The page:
After a week when Broad and Anderson have been under pressure, Ben Jones examines how England’s veterans flourished by pitching it up.
It’s the way the story always goes. A batting collapse is inevitably followed by the dropping of a bowler, and in this instance it was Mark Wood who made way, after disappointing returns of 2-81 at Lord’s.
Yet despite the fact that Chris Woakes was on return to the side, and Sam Curran was making his debut, they were seemingly not really the men under pressure. The general takeaway point from the first Test seemed to be that England had wasted the new ball by bowling too short, and that the experienced pair of James Anderson and Stuart Broad were unwilling to adapt their tried and trusted methods in order to exploit the conditions.
In truth, this has been a long-standing pattern for England’s celebrated opening bowlers. In English Tests over the last eight years, as the graphic below shows, only Bangladesh have targeted that full length less frequently than England. It’s very difficult to argue with Broad and Anderson’s record, but they certainly haven’t built that record up by bowling full.
And so somehow, remarkably, after 256 Tests and 952 wickets, they entered this Test needing to prove some people wrong. Following a series of bullish interviews this week, where Anderson asserted the value that their experience held, resisting the rather simplistic calls for them to “just pitch it up”, off the back of such confidence, they needed to deliver.
Whatever they needed to prove, they did it today. Broad in particular was superb, bowling an aggressive opening spell which put Pakistan into a corner which swiftly became their home for the day. And yet, despite the insistence to the opposite, it was the fuller length which caused Pakistan so many problems.
The length which Broad averaged in the first ten overs of the Test (5.678m from the stumps) was the fullest he’s ever bowled with the new ball in England. 67% of his deliveries were in the “full” zone, and not one of them pitched shorter than 8m away. He was bowling with venom, with no sign of that oft-feared “floatiness” which comes with pitching the ball up.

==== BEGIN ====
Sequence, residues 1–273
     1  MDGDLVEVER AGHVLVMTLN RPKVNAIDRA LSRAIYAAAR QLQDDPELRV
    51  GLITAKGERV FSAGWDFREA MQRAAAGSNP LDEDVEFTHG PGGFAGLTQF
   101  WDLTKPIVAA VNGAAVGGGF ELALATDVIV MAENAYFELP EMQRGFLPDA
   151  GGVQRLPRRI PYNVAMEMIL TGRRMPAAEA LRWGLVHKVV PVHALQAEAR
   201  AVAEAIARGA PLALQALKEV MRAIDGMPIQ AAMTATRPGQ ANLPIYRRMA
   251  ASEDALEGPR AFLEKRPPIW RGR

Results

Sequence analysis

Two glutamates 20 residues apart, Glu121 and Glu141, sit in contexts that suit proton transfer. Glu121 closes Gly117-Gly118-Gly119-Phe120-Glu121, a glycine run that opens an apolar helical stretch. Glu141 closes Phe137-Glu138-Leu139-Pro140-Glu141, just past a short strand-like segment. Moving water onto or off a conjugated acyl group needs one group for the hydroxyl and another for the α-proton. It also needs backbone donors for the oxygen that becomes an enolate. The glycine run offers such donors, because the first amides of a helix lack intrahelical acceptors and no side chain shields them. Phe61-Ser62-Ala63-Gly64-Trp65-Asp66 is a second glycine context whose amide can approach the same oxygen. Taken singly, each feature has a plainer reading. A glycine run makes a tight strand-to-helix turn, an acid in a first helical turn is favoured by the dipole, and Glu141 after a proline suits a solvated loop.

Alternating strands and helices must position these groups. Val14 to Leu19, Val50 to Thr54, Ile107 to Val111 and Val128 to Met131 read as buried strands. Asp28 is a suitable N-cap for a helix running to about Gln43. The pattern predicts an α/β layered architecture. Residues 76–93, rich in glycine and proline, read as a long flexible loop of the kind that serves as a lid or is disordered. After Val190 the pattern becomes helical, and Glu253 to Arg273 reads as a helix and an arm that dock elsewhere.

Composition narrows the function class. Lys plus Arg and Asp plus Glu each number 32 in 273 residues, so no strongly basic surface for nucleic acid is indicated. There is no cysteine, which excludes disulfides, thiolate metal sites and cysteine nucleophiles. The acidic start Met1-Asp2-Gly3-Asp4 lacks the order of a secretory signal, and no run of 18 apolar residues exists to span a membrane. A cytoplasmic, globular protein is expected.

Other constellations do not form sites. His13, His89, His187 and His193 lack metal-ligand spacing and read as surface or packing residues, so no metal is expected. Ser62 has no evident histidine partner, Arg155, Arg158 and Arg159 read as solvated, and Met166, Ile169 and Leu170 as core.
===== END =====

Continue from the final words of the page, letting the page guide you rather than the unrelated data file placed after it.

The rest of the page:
This fuller length brought great reward. A haul of three wickets barely scratches the surface in terms of how tough he was to play; 23.3% of Broad’s deliveries drew play-and-misses, which is the most he’s ever recorded in a Test innings, though at times it felt closer to 100%. Broad’s stubborn streak can certainly cause issues, but in many ways it is his greatest asset. As rumours of his removal from the side began to circle and gain weight, he pulled out a spell which paralleled if not surpassed his very best form in England colours.
However, at the other end things weren’t quite so rosey. While Broad was causing mayhem, Anderson was quietly dotting up and keeping things tight, a commendable support service to his long-time bowling partner but nevertheless, quite the contrast to the wickets tumbling.
As well as Anderson’s renowned and deserved reputation for accuracy, this was a result of England’s attacking leader pulling his length further back. He bowled about 70cm shorter than Broad with the new ball, and in that sparkling ten over opening spell when Broad bowled 67% full, Anderson pushed just 27% into that zone.
Of course, this more defensive length played a role in England’s success on day one. Anderson’s approach kept the run-rate (which escalated later in the innings) under control while the top-order were still around. It meant that Pakistan were forced to attack Woakes, who backed up the opening pair and claimed three wickets of his own. However, Anderson isn’t a man to miss out on wickets when he feels they’re on offer, and seeing the potential rewards being hoovered up by his colleagues hitting that fuller length on a Headingley track which invited it, Anderson adapted. Before lunch, Anderson bowled 29% full balls. After lunch, he bowled 40%.
It certainly had the effect of making him less defensive. Before lunch, 93% of Anderson’s deliveries were dot-balls. This dropped to 71% after the break, but as you can see in the graphic above, the fuller bowling brought wickets, and made him a more distinct threat. He drew 40% false shots in the afternoon, compared to 26% in the morning, as Pakistan’s middle order played across and round and under him. From the frustrated figure of the first session, he’d transformed into a buoyant, flair-focused strike bowler. A remarkable turnaround.
Pakistan showed that it is not simply a case of hitting that length and the wickets appearing in front of your very eyes. In the first 10 overs, they bowled just 4% fewer full deliveries than England had managed at the same stage, yet had no wickets to show for their endeavours. They found it tough to match the swing England had, the hosts finding 46% more swing than their guests. Without lateral movement, Alastair Cook and Keaton Jennings found things easy going, and accelerated to 39-0 after 10 overs.
A comparison of the two bowling performances show that success is not simply about bowling a full length, it’s about exploiting that length to get the maximum movement in the air, which requires a good degree of fortune and high skill. England, after losing the toss, were lucky to have the best of the bowling conditions on a cloudy morning. In Anderson and Broad they have two elite new ball bowlers. So pitch it up, boys.
Ben Jones is an analyst at CricViz.@benjonescricket